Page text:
Creator of Car Window Poetry works with English class to post encouraging notes on campus

November 28, 2016

Halle Thornton

hthornto@uccs.edu

     A tiny slip of paper on your windshield usually means you got a ticket or someone is promoting their business. But this month at UCCS, students may find a slip of paper on their windshield that could make their day a little better.

     Alex Lewis, the founder of a project called Car Window Poetry, spoke to ENGL 3410: Poetry for the People about his movement on Nov. 16. The students in the class wrote poems and placed them on car windshields around campus.

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Photo by Halle Thornton: The Scribe

     Lewis writes short poems on cards and puts them on car windshields as part of Car Window Poetry. The poet was inspired by flight attendant Taylor Tippett’s Words from the Window Seat, where Tippett left inspiring notes on airplane windows for passengers.

     Lewis also shared his story with UCCS students at the Poetry for the People event hosted by ENGL 3410 students on Nov. 14. About 30 students, family and members of the community came to hear poetry from the students in the class and Lewis.

     The Scribe asked Lewis about Car Window Poetry and what it means to speak at a college campus for the first time as a recent college graduate.

     Q: How did you get in contact with UCCS/ (English) professor Kirsten Ortega?

     A: It was early October or late September and I just started emailing a bunch of elementary schools and college writing professors in the area, because for me, I loved the idea of getting to bring a bunch of people together to do the project.

     I love the potential of what it had to bring it into the classroom setting, whether that was with third, fourth, fifth graders or with college students.

     Q: The Poetry for the People event was the first place you were asked to be a keynote speaker. How was your experience?

     A: For me, I’d say at heart I call myself a storyteller, so I didn’t want to just kind of get up and share poetry. I think there’s value in that, but I think part of me being there was inviting the audience into my story and hopefully the audience to see themselves in some aspects of what I share.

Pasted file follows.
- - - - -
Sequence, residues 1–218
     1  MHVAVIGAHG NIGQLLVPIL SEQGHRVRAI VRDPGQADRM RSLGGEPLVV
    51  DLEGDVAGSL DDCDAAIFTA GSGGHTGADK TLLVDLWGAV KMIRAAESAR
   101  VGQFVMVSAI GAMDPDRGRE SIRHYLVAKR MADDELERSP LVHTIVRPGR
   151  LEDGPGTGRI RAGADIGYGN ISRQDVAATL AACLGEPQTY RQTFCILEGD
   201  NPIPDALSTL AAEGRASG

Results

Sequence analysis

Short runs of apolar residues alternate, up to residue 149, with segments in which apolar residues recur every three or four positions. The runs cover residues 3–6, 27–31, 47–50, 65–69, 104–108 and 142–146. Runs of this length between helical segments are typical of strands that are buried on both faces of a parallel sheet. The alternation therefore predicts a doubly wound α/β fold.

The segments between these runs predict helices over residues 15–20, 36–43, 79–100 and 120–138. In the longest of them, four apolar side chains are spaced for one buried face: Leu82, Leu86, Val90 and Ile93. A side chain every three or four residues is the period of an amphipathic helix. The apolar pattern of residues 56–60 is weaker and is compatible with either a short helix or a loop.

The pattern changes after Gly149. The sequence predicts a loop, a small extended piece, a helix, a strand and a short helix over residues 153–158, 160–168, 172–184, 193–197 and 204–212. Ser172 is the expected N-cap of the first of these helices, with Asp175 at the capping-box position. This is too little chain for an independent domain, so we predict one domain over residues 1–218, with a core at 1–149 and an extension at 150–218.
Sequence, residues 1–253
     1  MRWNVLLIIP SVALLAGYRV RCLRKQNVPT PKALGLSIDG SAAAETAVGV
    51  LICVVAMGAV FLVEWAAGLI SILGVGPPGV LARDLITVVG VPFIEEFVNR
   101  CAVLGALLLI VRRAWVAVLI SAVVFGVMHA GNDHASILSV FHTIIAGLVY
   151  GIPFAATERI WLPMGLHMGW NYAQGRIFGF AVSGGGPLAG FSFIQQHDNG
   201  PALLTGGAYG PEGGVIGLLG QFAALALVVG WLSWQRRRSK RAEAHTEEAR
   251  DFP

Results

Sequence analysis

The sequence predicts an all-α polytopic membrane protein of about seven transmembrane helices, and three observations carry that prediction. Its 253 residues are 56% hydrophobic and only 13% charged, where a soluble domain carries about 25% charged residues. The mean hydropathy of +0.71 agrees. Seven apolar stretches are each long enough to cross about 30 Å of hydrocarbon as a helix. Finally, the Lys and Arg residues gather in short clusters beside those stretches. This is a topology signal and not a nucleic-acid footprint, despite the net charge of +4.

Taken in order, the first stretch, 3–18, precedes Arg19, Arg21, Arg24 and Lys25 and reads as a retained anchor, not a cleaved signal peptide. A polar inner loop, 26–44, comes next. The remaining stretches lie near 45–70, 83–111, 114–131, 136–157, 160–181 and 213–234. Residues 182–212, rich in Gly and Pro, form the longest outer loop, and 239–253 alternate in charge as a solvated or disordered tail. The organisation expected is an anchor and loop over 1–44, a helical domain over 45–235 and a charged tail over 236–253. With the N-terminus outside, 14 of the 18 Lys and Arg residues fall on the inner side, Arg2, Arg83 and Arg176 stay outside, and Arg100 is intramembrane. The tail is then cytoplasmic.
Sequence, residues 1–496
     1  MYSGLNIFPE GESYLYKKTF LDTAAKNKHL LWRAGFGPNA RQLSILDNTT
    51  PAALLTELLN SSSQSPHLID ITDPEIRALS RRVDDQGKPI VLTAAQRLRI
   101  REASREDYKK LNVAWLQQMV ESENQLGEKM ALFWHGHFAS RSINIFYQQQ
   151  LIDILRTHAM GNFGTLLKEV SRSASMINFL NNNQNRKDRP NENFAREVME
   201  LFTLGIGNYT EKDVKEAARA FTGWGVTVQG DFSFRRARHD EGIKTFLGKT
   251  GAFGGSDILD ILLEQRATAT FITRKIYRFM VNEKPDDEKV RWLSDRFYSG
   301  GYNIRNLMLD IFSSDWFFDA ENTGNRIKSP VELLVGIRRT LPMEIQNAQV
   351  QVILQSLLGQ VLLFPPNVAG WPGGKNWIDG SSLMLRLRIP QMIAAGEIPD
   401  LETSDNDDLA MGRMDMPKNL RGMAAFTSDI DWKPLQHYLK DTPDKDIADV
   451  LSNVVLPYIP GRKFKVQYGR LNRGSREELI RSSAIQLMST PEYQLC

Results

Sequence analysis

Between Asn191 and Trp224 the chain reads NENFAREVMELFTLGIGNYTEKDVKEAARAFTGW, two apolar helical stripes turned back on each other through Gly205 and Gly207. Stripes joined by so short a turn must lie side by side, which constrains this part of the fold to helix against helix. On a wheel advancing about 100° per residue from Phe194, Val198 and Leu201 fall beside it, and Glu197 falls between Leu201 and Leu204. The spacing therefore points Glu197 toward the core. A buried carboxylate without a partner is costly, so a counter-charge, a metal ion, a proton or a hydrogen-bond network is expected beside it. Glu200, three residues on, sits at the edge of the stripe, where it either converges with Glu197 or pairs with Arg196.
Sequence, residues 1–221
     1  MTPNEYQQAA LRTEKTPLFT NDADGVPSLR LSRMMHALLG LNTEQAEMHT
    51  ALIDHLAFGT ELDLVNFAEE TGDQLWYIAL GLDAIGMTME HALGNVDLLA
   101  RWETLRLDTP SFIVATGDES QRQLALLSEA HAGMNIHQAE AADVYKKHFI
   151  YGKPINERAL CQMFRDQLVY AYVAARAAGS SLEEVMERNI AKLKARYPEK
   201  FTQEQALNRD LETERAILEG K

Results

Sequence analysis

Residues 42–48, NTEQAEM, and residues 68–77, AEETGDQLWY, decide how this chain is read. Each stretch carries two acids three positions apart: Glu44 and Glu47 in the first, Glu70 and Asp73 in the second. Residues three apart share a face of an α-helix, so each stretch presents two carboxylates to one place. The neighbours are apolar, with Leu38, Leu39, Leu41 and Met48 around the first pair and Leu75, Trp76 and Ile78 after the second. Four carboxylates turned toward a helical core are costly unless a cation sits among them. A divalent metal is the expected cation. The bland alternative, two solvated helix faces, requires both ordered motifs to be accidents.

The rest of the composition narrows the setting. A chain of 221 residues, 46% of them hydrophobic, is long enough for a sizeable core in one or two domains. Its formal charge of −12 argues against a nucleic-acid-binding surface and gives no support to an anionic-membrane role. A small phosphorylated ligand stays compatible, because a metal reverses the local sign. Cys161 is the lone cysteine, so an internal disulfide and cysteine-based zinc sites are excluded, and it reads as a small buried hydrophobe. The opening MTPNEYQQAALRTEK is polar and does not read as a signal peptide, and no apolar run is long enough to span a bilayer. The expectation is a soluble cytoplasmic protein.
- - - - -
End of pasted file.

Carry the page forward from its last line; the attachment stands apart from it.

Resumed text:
Q: What brought you to Colorado Springs?

     A: I was out in Colorado Springs two months ago working with Young Life as a social media and communications intern (from Elon University). I kept in contact with people there and about a month before graduation, I got a call that a digital marketing specialist position opened up.

     It was nerve-wracking, but it was this excitement that I’m going to a beautiful city and am going to do something that I love for a purpose that I love.

     Q: What inspired you to create Car Window Poetry?

     A: I met this guy named Chris who happened to be a writer and who did a lot of poetry.

     We ended up getting beers one night and I was just talking to him and inviting him into my story a little bit, talking to him about things I was passionate about.

     I shared this desire to create a platform that allowed people to create and feel encouraged in their creativity. He said he was in this small poetry group that this girl started. I went and that was the first time I really shared my poetry in front of people, and they seemed to like it.

     Then I went to a poetry slam and it was incredible. It was a time where I got to share some of my poetry and hear kids speaking from these really deep places. I left there really inspired.

     At this time, I was also listening to a lot of podcasts and [storyteller] Branden Harvey, [who was] someone I got connected through Young life with one night on my way home, and it left me with this feeling, this insatiable feeling to do something.

     So I thought, “I have a bunch of cars around me and that’s where we spend a lot of my time.” I thought what it would look like to leave poems on these car windows, and that night I was like, “I’m doing this.

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